Friday, March 02, 2007

Bill Callahan...

In April Drag City will release the first solo album by Bill Callahan entitled Woke On A Whaleheart. You may only know Mr. Callahan from his day job which is being the primary mover and songwriter for Smog. This of course begs the question, why a "solo" record and not another Smog record. This is splitting hairs which need not be split, especially when Woke On A Whaleheart is no less then some of Callahan's most dramatic and wonderful work yet.

Callahan, no matter what guise he's playing under, has always been brave enough to follow his muse no matter where it might lead him. Fortunately, he's always had the artistic freedom to explore genre, to find a voice, and to develop artistically. This is a rarity in today's music world. If Woke On A Whaleheart is where all the experimentation has lead, then there should be an insistence that musicians once again be allowed to fully engage in their craft unhindered by the petty demands of the market.

Callahan's body of work should be should be an American treasure in the same way that Raymond Carver's short stories should be lauded as one of finest cultural jewels, uniquely American and powerfully aware of its environment. It is in this sense, one of cultural value, that Woke On A Whaleheart takes on an aura of an artistic high water mark for Callahan.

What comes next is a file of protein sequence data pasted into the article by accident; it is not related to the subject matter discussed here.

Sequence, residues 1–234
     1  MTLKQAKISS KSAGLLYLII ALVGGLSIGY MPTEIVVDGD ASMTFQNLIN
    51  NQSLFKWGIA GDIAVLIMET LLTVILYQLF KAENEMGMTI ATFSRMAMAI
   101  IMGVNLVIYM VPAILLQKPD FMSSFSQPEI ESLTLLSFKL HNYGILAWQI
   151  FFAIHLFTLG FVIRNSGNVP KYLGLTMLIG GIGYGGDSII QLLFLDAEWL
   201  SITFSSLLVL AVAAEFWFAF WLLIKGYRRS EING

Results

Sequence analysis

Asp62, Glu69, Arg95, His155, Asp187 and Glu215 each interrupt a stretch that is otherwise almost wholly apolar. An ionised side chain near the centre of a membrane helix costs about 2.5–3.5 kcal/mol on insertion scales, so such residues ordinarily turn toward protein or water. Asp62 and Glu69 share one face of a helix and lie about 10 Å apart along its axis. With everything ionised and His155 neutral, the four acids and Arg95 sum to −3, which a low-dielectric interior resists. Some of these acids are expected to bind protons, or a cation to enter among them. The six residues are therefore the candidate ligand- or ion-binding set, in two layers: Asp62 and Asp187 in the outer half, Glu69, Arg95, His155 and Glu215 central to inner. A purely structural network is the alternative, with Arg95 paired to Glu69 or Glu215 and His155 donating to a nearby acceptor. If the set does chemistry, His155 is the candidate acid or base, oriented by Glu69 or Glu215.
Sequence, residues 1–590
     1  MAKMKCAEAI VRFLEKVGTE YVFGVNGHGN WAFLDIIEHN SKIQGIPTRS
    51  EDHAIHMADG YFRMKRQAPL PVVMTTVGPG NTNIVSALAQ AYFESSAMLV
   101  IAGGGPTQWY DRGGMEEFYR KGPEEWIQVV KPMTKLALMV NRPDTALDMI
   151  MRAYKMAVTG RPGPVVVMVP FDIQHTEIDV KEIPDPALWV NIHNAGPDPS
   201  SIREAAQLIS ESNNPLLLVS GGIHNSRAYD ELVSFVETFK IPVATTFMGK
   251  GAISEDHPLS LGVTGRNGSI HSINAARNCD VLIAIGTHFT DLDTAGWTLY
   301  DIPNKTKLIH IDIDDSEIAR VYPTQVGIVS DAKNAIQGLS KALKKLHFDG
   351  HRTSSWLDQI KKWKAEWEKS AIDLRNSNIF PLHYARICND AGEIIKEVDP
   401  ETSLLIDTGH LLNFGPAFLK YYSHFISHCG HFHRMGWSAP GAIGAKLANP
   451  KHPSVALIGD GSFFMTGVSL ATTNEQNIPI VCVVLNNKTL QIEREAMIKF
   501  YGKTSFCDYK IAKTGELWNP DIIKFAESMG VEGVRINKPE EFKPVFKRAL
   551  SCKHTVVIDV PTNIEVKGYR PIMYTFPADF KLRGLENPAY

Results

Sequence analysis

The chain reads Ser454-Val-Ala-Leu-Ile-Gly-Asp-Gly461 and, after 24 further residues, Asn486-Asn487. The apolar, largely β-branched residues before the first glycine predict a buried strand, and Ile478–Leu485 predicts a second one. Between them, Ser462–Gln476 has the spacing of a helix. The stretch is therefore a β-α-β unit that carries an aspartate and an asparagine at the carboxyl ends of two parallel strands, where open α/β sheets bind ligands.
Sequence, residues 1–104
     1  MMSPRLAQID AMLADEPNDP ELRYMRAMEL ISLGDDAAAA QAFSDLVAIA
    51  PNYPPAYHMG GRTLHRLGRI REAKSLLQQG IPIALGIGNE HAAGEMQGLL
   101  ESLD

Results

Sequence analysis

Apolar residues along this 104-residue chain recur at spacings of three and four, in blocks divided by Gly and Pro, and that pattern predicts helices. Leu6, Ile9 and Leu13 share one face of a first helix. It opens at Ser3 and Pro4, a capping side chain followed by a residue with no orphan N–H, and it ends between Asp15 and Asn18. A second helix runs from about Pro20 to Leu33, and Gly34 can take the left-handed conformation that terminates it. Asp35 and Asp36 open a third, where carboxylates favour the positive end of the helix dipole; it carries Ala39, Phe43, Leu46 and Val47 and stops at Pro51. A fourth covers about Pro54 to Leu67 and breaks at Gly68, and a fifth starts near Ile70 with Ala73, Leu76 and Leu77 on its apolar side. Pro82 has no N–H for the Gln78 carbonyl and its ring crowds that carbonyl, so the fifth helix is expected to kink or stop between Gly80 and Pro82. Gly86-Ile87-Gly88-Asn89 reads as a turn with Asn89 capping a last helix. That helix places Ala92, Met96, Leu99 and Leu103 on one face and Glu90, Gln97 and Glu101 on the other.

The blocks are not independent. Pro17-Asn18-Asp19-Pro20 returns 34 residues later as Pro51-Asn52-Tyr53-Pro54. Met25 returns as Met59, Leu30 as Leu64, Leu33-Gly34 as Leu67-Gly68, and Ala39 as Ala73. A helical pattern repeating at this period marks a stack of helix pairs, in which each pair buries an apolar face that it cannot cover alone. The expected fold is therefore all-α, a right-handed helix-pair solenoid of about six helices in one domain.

As on all of Callahan's projects his deep baritone and it's languorous delivery anchor each song. The songs feel expansive musically, touching on gospel, country, rock, each song filled with subtle changes and slowly building layers. The album is near impossible to pigeonhole as a genre. It simply seems stamped as American, a look both backward and forward at our cultural tectonics and the slowly evolving chasms and collisions that make it fascinating.

Lyrically, again much like Ray Carver, Callahan understands the power of simply placing a word within a sentence, a lyric, a line. He's a master of brevity and the power that it can wield when used correctly. So much is said in small moments, carefully crafted. Unlike Carver Callahan doesn't have a particular affection for the suburban relationships that Carver seemed near obsessed with chronicling in their various states of disrepair and disintegration. The world of Woke On A Whaleheart is more pastoral, as if he's embodying a small town's pace and attitude.

It's an excellent album that only gets better with each listen.

1 song from Woke On A Whaleheart:



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